I will be traveling with my partner (who is Liberian) to Liberia in 2009. Do you have any advice?
-Mary, Minneapolis, Minn.
Devastated by near-continuous civil warfare between 1989 and 2003, Liberia today is struggling mightily to get back on its feet. Leading the country now is Africa's first democratically elected female head of state, Ellen Johnson-Sirleaf.
While there was essentially no infrastructure when Johnson-Sirleaf (locals refer to her as 'Ellen,' the 'Iron Lady,' or simply 'Ma') took office, the beginnings of some degree of normalcy are returning. As for getting there, your best bet is probably Kenya Airways, which flies from its Nairobi hub to Roberts International Airport outside Monrovia, Liberia.
New restaurants, including local and international favorites like Terracotta in Sinkor, La Pointe in Mamba Point, Taaj Indian in Sinkor, and the Sushi Bar at the Royal Hotel in Sinkor, have opened. New hotels, too, have finally begun to open or renovate, including a four-star one built by BET founder Robert Johnson. His hotel is just outside Monrovia. Others include RLJ Kendeja Resorts & Villas, slated to open in March 2009. Other hotels that meet or approximate Western standards include the Royal Hotel, Mamba Point Hotel (whose restaurants are widely considered top-notch for Liberia), and the Cape Hotel.
As for stuff to do, the war destroyed most of the country's museums and cultural treasures. It also made travel outside the capital an exercise in patience. But still, you'll find plenty of beaches, some of which are quite lovely. Surfers rave about the waves in Robertsport, as chronicled in the documentary "Sliding Liberia." Ask your hotel or trusted locals for beach recommendations, as some are less safe (and some more polluted) than others.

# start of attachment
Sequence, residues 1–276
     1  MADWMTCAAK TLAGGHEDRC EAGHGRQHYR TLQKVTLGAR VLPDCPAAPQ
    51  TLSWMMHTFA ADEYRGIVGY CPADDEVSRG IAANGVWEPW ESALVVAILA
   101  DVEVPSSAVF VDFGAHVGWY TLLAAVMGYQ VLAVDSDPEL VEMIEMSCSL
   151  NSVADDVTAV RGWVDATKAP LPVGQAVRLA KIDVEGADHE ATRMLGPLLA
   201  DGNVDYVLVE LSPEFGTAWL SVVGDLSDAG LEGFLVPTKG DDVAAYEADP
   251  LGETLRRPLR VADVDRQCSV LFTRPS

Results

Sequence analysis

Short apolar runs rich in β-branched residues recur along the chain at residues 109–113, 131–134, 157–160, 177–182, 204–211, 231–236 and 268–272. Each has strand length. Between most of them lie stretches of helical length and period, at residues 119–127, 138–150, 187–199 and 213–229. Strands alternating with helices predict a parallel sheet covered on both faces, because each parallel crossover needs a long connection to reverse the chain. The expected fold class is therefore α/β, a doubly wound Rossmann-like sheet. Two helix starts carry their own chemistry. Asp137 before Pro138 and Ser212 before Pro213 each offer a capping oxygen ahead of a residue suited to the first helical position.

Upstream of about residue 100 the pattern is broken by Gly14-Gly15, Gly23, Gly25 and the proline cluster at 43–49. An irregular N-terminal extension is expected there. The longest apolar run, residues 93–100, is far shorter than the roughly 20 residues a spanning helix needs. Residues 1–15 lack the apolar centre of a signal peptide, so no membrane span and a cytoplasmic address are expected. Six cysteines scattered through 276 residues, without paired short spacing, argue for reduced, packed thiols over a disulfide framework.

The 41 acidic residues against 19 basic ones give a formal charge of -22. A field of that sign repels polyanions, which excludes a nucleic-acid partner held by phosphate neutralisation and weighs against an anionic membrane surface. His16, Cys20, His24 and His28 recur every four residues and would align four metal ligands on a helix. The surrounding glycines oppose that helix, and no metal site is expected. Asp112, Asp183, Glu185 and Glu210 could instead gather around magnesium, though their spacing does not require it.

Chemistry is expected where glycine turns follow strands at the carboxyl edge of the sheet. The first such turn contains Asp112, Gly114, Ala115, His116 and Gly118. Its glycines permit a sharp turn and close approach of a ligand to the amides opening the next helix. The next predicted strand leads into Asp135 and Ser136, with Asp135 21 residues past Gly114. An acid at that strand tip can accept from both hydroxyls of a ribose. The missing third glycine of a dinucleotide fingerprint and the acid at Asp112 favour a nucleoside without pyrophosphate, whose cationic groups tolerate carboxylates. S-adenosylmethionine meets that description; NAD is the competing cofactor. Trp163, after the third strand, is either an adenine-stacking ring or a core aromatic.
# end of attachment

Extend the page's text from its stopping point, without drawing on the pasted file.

When traveling in Monrovia at night (which we don't necessarily recommend), there's a fairly simple way to stick to the less dangerous areas: Go where the newly relit streetlights shine. Basically, in areas now lit by streetlights, the robbers retreat and lawful street life re-emerges. But again, the locals and your hotel are both good sources of the most up-to-date information on safety. And one last note: While we don't always think it necessary to register your presence with the local American Embassy when you're visiting a foreign country, that would be a good idea in Liberia.